Through the two most physical games of the season for Edmonton, we caught a glimpse of what playoff hockey might look like for these Oilers and their two superstars. How they would respond when the whistles went away, when the obstruction was out like kids on a Halloween street, all dressed like little Jacques Lemaires.
Their response? Well, it made former Oilers coach Ken Hitchcock “proud.”
“The difference between the playoffs and the regular season is you can spend the whole regular season looking for space. In the playoffs you’ve got to fight for space,” began Hitchcock.
“If you get discouraged because you have to fight for space, if you get discouraged because it doesn’t happen overnight, or the other team has resilience on their side…
“If you lose energy because it’s really hard, then you’re going to have a tough time ever winning when it counts.”
Look, there isn’t a puck carrier in the game who won’t glance back at the zebra while he’s sliding along the ice, to see if the trip or hook was caught and a power play was forthcoming. But it’s how they deal with it when the striped arm isn’t raised that counts.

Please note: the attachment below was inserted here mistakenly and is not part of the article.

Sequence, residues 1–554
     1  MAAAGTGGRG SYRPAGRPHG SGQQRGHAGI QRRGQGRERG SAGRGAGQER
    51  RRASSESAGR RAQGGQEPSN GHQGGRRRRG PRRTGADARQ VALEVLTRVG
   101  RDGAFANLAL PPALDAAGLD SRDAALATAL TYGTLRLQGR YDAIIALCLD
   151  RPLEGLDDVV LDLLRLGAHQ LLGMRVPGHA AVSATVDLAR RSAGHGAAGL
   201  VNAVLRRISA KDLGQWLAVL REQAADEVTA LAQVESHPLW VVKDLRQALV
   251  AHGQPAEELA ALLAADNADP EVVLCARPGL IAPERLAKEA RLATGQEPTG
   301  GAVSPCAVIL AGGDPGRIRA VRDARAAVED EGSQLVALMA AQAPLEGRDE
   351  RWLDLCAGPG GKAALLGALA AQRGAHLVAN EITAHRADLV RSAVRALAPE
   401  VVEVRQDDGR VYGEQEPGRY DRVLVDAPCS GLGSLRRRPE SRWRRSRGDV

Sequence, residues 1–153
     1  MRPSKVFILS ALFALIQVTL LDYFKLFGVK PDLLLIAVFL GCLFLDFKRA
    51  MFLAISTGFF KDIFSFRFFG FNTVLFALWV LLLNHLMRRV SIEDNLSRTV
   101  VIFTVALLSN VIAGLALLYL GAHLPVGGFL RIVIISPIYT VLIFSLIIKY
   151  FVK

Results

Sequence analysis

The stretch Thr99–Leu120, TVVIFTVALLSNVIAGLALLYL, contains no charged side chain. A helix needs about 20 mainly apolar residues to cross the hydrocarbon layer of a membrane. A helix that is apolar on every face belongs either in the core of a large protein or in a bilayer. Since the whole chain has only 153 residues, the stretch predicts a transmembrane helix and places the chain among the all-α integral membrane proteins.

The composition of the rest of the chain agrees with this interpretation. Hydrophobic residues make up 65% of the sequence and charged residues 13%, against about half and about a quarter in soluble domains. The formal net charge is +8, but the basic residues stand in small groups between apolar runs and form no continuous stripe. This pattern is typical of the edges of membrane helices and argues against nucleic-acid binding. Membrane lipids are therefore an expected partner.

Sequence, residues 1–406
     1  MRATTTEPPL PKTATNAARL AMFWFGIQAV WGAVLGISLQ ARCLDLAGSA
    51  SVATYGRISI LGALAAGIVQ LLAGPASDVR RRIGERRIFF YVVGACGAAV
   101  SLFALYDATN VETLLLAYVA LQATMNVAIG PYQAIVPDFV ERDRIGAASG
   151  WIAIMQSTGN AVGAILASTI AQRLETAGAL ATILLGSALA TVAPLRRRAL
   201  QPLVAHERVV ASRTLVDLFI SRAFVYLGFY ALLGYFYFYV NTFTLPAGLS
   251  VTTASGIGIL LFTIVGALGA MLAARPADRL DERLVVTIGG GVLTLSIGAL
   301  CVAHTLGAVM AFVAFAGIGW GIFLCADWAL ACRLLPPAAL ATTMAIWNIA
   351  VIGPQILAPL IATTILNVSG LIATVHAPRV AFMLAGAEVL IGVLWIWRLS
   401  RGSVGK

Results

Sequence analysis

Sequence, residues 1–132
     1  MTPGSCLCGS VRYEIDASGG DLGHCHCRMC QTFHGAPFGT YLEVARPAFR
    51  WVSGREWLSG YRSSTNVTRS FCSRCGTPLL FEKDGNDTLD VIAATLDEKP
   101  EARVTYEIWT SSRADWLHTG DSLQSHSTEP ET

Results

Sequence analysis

Brendan Morrison played with the Sedin twins from the day they were drafted by the Canucks in 2000 until he moved on to Anaheim in 2008. He watched as two cherubic Swedes evolved from struggling to understand the ways of the early 2000s NHL to two of the most resilient and mentally tough skill players the league has ever seen.
“Initially they didn’t know what to do about it. They didn’t do anything, really,” Morrison recalled of the abuse heaped on Henrik and Daniel. “But as they morphed into the players they became, there was some pushback. They never really ran guys, but they weren’t afraid to go into dirty areas and battle.”
The Sedins' mantra was to never turn the other cheek, never show frustration, and then bury you on the power play. They played on as if the abuse was not noticed — like Muhammad Ali smiling at Joe Frazier’s best punch.
“They frustrated guys they played against because they never, ever shied away from a battle. And it got under teams’ skins. ‘No matter what we do to these guys, they’re not going to back down!’” Morrison said. “And playing that physical style is exhausting. So after a while, when you’re doing that to a guy all night long and they’re not reacting to it all, then it becomes frustrating.